Their debut single is "Crème Brûlée", a song that already sees them coming into the world fully formed, and with a good idea of their musical identity. The main touchstones would be Mazzy Star & Lana Del Rey, both vocally and in terms of the dream-pop sensibilities at the heart of the song, as well as a little bit of Portishead and, in the extended outro of the song, The War on Drugs at their most laconic. There is so much to love about the song, and if they've got us reeled in so well on their first recorded single, there is going to be so much joy in finding out what else they're going to unleash on us over the next while.
"Crème Brûlée" is out now.
Monday, 13 May 2019
Originally from Italy but now based in New York, Late Guest At The Party make rather nifty electro-pop tunes, with their newest song, "Most of the Time", being a great demonstrator of their sound. Its sonic-manipulation production style and lyrical content calls to mind a cross between Cut Copy & CHVRCHES, and has a groove to it that is likely to pull you in.
"Most of The Time" is out now.
Tuesday, 9 April 2019
(The short answer is no, but please indulge me).
This afternoon, I went to the cash machine at St George's Market in Belfast, in order to take out some money. To my surprise, I found that the Cashzone machine, which up until that point had been free of charge, was now charging a fee of £1 for any withdrawals. This mildly infuriated me, as it would be to anyone who found themselves being charged for something that up until recently they could access for nowt.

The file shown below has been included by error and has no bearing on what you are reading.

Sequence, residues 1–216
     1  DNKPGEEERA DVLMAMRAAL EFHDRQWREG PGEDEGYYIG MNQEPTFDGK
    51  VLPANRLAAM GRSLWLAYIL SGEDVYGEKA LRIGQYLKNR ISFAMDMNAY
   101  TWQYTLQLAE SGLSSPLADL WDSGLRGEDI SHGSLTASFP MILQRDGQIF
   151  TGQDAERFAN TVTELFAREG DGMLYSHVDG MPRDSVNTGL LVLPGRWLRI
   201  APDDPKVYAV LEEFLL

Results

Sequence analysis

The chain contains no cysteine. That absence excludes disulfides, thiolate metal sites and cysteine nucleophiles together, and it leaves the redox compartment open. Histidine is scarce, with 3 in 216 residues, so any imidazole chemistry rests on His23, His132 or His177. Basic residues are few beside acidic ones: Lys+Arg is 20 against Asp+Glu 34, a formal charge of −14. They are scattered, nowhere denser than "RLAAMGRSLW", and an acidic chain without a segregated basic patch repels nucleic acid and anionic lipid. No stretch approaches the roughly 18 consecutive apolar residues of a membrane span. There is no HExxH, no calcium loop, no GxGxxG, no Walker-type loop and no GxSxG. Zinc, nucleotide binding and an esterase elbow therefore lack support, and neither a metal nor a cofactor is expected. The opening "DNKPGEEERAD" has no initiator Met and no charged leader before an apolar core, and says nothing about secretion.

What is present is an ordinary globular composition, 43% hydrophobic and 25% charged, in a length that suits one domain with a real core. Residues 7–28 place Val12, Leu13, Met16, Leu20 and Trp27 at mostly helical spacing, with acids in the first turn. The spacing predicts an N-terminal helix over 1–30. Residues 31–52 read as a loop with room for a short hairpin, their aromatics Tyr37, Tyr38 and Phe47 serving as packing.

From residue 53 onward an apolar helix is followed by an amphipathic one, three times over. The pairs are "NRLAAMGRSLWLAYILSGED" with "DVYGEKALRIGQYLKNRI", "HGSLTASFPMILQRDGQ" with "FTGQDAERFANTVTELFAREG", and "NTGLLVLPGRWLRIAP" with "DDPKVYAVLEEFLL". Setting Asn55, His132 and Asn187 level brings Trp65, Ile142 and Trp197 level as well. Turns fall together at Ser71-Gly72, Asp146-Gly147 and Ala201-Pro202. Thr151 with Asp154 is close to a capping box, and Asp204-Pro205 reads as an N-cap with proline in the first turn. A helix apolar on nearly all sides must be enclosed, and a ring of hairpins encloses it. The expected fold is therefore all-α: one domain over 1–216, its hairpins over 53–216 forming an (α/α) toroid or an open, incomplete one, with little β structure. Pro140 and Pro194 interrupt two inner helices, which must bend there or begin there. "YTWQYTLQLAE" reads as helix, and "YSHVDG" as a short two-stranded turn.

This is not an isolated case, as I had heard from a lot of people in my local area that several cash machines that had previously been free were now charging a fee for withdrawals, with some people finding that the closest free machine was many miles further away than it previously was. I contacted Cashzone to understand the reason for this - they explained that the reason that some fees had been introduced was because the banks have cut the fees that they receive for each withdrawal, and therefore to continue operating they will need need to charge a fee for each withdrawal. Although interestingly, according to a recent article, this fee has been cut by just 5p per transaction, so a charge of £1 seems above and beyond what would be required to balance out any losses, but hey ho, it's not my company.
There are two main reasons why the introduction of this fee annoyed me. Firstly, it is because if possible, I prefer to spend physical money where I have the opportunity to, rather than by card or by app. There is a psychological reason why I prefer this - according to research, we are less likely to spend money when we pay by cash than by any other means, as our brains see such transactions as more painful when money is physically exchanged, therefore we are more likely to be savvier when we pay for things with cash. I know there are several things that I would never have bought had I come across them in a shop, compared to something that piqued my interest whilst browsing online (occasionally, influenced by alcohol). Over the years, these have included such joys as the soundtrack to the 1991 film Ranma ½: Big Trouble in Nekonron, China, a toilet brush shaped like a cherry, or a sweater based upon an 1859 woodcarving by Utagawa Hiroshige.